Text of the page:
Gigamedia (GIGM) is structured as a holding company that today runs two primary businesses, both focused on online gaming. The first business, labeled as Gaming Software & Services, is involved in the development and licensing of software and application services to allow online casino and poker applications, mainly targeted to continental Europe. This software allows the licensee to easily add transaction handling, multi-player matches, marketing, and data mining to the end application. This unit generates just over 70% of sales. The major licensee is Ultra Internet Media (UIM), which has developed Everest Poker and Everest Casino, two of the better-regarded online gambling operations out there.
The second business is Online Gaming and Services, currently contributing about 25% of sales. There are two subsidiaries that comprise this unit. FunTown is a Taiwan-focused operation that offers a wide variety of games, from casual ones like Mahjong and online versions of popular Asian table games, to licensed "massively multiplayer online role-playing games" (MMORPGs) such as Warhammer Online (licensed from Electronic Arts - EA) and Phantasy Star (licensed from Sega). FunTown has nearly 12 million registered users. The other online gaming subsidiary is T2CN, a huge (over 70 million users), China-based business whose focus is on sports games. [more]
Weekly roundup of stocks moving in and out of the Magic Formula Investing screen.
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Pain Therapeutics (PITE) is a branded pharmaceutical development concern. The company is essentially hitched to King Pharmaceuticals (KG), and even more specifically to the success or failure of a single drug - Remoxy, a form of Oxycontin designed to resist chemical and physical manipulation. Let's take a look at PTIE's business model.
The company receives revenues in three categories: collaboration, program fees, and milestones. All of these payments are coming from King in a joint-venture development program for Remoxy, as well as two other earlier stage candidates who's indications are not yet known. Collaboration revenues are reimbursements from King for R&D expenses. Program fee revenues are a pro-rated accounting of a $150 million up-front payment from King at the outset of the collaboration in 2005. They amount to about $3.6 million in revenue a quarter, and will be recorded through 2014, but do not provide ongoing free cash flow. Finally, milestone payments are one-time payments from King for reaching a critical milestone, such as submission to the FDA, which PTIE received a $20 million payment for in the middle of last year. [more]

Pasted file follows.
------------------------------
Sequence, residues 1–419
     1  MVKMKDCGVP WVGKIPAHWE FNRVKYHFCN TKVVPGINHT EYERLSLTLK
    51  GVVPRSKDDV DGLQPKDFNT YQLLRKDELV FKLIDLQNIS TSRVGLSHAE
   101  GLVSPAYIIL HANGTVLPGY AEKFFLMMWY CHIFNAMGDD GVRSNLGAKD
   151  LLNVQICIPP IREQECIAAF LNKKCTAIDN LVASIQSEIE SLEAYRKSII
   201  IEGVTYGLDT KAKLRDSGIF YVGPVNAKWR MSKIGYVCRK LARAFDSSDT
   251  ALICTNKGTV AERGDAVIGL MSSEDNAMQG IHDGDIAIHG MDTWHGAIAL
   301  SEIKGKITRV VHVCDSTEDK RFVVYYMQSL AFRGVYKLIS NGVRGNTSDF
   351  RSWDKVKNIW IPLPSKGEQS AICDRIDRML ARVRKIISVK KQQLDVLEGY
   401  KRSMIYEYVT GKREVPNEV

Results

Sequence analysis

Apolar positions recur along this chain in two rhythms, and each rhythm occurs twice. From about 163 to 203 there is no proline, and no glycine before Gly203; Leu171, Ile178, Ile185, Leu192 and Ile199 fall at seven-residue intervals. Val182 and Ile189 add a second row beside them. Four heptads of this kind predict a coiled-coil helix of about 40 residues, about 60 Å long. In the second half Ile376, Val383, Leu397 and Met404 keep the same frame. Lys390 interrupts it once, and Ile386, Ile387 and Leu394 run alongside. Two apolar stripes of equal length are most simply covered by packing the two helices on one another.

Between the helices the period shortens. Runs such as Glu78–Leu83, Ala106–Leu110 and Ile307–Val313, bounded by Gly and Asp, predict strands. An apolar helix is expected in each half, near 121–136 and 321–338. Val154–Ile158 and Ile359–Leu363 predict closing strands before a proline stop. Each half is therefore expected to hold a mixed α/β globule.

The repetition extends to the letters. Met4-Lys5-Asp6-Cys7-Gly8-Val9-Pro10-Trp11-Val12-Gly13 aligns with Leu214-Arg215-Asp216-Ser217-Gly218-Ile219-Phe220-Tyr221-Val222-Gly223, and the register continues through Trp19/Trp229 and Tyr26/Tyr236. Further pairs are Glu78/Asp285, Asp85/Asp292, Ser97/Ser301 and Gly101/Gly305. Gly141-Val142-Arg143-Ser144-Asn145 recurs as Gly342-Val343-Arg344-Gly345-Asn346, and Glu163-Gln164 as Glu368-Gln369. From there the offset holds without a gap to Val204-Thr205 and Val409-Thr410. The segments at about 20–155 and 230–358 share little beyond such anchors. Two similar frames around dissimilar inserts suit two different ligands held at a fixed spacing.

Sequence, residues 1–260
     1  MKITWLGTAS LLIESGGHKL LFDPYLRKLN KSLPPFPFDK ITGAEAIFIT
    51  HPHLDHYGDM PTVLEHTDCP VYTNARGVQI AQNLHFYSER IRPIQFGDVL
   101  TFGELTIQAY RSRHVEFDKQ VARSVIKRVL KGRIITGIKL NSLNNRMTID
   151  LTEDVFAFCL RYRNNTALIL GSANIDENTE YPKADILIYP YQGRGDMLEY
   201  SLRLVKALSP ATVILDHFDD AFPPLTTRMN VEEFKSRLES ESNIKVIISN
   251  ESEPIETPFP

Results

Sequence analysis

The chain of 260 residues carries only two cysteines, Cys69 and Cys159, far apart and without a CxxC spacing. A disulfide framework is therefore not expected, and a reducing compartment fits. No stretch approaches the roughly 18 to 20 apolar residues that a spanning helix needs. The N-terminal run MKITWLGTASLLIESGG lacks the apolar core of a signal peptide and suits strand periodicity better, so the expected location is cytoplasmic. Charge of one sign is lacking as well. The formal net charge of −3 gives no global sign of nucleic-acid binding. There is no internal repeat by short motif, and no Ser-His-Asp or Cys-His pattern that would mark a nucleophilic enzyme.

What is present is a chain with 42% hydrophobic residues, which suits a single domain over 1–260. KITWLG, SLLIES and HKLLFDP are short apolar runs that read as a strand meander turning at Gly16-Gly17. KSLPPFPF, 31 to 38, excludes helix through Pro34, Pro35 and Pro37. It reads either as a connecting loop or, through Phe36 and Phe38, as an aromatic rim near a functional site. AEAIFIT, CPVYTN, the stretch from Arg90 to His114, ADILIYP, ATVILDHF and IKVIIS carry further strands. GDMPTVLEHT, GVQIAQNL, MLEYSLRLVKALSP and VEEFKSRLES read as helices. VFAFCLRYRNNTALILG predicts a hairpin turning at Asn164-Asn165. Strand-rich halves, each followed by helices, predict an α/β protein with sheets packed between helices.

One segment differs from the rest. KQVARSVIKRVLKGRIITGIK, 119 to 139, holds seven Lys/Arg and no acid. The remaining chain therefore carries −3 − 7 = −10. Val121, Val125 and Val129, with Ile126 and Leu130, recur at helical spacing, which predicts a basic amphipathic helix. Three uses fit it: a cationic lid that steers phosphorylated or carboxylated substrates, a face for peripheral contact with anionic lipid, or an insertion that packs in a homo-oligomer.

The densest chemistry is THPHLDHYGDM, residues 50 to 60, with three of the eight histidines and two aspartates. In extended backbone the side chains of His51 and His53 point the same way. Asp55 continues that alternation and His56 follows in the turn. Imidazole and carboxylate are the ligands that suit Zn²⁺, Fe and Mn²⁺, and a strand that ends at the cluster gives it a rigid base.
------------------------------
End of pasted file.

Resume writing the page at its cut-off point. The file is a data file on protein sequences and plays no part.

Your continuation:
Current Magic Formula stocks ranked by highest dividend yield, lowest price-to-sales (P/S) ratio, and lowest price-to-book (P/B) ratio. [more]
Weekly roundup of stocks moving in and out of the Magic Formula Investing screen.
QLogic (QLGC) manufactures and sells components used in computer data storage networks. The company has 3 primary divisions. Host Products (about 75% of sales) sells host bus adapters, or HBAs, which connect computers to networked storage devices like hard drives or optical media. This division also makes InfiniBand Host Channel Adapters (HCAs), which are used in "supercomputing" applications that require high data bandwidth. The second division is Network Products (~17% of sales), which manufactures Fibre Channel and InfiniBand switches and storage routers. Switches and routers connect different parts of storage networks and route data between them. The final division, Silicon Products, delivers the remaining small portion of sales and is QLogic's legacy business, providing protocol and controller components used in older network architectures.